Back then nobody played games far away from home. Trains were the only way to go and they were notoriously undependable. Ole Miss could hardly get LSU to play us in Oxford at all because the rail system in north Miss was not good so our home games against LSU were played in larger towns in south Miss with better tracks. A 10 hour [back then] trip to Oxford was a scary thought and LSU just refused.
Just for a little perspective on t he times, by 1912, college offenses began getting 4 downs to gain 10 yards and a 1st down instead of 3.
By 1913 a small, unknown Catholic school up North hired a guy named Knute Rockne and beat #1 Army with the dangerous forward pass. 1914 was a big year for Ole Miss in that it was their 1st win over LSU in the 20th century and it was also the the 1st college football game ever where the players wore numbers on their jerseys.
LSU would soon begin a 14-1 run of dominance that completely relieved them of their worry about us as a competitive rival and fixed Tulane as their undisputed #1. Back then we weren't much of a rival for anyone claiming Miss A and M as our big game but it would be 11 years [1926- the birth of the Egg Bowl Game] before we would beat them.
Most fans would point to the hiring of John Howard Vaught as HC in 1947 as the beginning of the real rivalry between Ole Miss and LSU but I would beg to differ and point to a great Ole Miss team in 1938 coached by Harry Mehre and led by AA Parker Hall. This Ole Miss team would bring home the win [20-7] for the 1st time in 11 years against LSU. LSU, coached by legendary Bernie Moore, had gone 9-1 in 1937 losing only to national powerhouse Vanderbuilt 7-6. The Tigers were the odds on favorites to win the SEC in 1938. The great upset win was described as a great job of coaching by Mehre who had transformed the Rebs from a defeatist bunch into "a roaring beast bringing to mind the ledgendary skills of William Sherman, the Civil war general whose Yankee juggernaut marched through Georgia and later became president of Louisiana State University when it was often called the Ol' War Skule".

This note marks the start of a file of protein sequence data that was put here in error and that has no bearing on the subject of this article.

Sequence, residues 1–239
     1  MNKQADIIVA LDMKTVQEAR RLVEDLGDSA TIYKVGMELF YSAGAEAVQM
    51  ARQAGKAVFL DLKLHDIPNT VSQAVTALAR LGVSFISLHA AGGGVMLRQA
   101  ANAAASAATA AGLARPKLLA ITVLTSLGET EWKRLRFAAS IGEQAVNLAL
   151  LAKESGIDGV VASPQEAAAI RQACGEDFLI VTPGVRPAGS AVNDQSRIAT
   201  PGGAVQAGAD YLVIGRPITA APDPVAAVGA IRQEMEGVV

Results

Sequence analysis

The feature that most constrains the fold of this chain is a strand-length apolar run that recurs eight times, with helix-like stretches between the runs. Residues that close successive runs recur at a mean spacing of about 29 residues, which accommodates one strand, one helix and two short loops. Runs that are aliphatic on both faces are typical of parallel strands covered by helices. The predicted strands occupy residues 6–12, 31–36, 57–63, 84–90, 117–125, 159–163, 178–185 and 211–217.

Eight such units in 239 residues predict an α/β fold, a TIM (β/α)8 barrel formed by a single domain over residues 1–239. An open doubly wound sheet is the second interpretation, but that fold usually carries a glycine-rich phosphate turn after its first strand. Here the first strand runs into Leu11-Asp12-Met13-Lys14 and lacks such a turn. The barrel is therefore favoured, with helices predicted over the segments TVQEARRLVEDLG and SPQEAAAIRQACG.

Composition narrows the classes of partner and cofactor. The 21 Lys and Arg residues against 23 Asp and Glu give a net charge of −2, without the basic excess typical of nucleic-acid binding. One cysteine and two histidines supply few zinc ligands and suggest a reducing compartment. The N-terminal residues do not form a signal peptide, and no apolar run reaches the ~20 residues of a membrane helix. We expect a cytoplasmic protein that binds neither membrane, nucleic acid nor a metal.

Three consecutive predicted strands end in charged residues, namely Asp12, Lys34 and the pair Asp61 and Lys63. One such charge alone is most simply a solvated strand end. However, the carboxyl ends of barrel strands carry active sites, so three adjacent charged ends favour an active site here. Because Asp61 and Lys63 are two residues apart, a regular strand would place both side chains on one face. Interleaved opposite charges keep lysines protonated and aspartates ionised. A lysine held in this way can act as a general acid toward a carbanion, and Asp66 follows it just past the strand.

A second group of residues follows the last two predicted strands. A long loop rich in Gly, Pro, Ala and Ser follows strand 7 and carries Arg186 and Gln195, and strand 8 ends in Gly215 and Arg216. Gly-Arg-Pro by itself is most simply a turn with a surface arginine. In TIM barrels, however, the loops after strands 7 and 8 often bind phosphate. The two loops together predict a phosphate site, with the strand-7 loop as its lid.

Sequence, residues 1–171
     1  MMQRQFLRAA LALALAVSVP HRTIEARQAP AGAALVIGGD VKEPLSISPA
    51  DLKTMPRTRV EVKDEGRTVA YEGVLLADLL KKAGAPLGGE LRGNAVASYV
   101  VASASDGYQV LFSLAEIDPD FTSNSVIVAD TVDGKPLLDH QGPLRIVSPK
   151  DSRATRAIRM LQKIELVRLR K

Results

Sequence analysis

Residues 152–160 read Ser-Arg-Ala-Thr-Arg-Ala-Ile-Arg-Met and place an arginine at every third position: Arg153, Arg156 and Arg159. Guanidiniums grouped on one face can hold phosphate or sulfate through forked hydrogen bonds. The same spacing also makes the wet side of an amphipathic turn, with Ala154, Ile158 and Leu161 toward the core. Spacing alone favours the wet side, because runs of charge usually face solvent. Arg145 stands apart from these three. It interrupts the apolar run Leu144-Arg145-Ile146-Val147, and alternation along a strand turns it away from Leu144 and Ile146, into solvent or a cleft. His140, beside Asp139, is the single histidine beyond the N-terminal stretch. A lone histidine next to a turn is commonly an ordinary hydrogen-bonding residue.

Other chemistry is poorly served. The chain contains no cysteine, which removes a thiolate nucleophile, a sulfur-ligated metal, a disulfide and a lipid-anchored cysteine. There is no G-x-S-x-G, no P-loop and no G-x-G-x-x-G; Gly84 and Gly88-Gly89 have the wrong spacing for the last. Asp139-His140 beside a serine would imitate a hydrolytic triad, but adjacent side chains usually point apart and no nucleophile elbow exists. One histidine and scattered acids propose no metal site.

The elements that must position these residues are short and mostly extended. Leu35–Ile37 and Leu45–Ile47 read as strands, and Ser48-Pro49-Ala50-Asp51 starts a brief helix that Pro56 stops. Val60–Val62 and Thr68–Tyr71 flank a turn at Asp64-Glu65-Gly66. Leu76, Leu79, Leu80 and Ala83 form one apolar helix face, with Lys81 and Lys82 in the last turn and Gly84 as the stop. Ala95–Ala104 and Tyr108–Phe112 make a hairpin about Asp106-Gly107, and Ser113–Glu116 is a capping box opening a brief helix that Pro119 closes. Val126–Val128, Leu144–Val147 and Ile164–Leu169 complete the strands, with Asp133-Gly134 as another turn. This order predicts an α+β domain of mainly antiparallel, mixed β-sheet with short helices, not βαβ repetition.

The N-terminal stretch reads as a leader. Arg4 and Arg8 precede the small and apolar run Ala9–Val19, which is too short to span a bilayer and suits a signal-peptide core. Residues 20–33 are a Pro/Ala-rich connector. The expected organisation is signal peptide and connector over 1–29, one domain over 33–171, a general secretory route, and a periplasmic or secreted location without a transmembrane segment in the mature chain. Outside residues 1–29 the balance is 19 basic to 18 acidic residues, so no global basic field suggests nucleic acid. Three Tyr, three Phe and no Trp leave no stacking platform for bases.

This was the 1st great Ole Miss team and the 1st game since 1899 that LSU fans began to sit up and take notice as the Rebels [which they were 1st named that year-previously the Flood] would no longer be the laugher it had been for 15 years.
At any rate, LSU was an established college football powerhouse by the '30's and Ole Miss had been pretty much the bottom of the barrel for at least 20 years but was on the rise. Tulane was LSU's #1 game every year and a worthy opponent and Miss A and M was Ole Miss's and more than worthy. Things at Ole Miss and LSU would pretty much stay that way until the fall of State's fine program when Allyn McKeen [one of the SEC's best all time coaches] was fired and Tulane's program went down during the '40's.
Part 2: tomorrow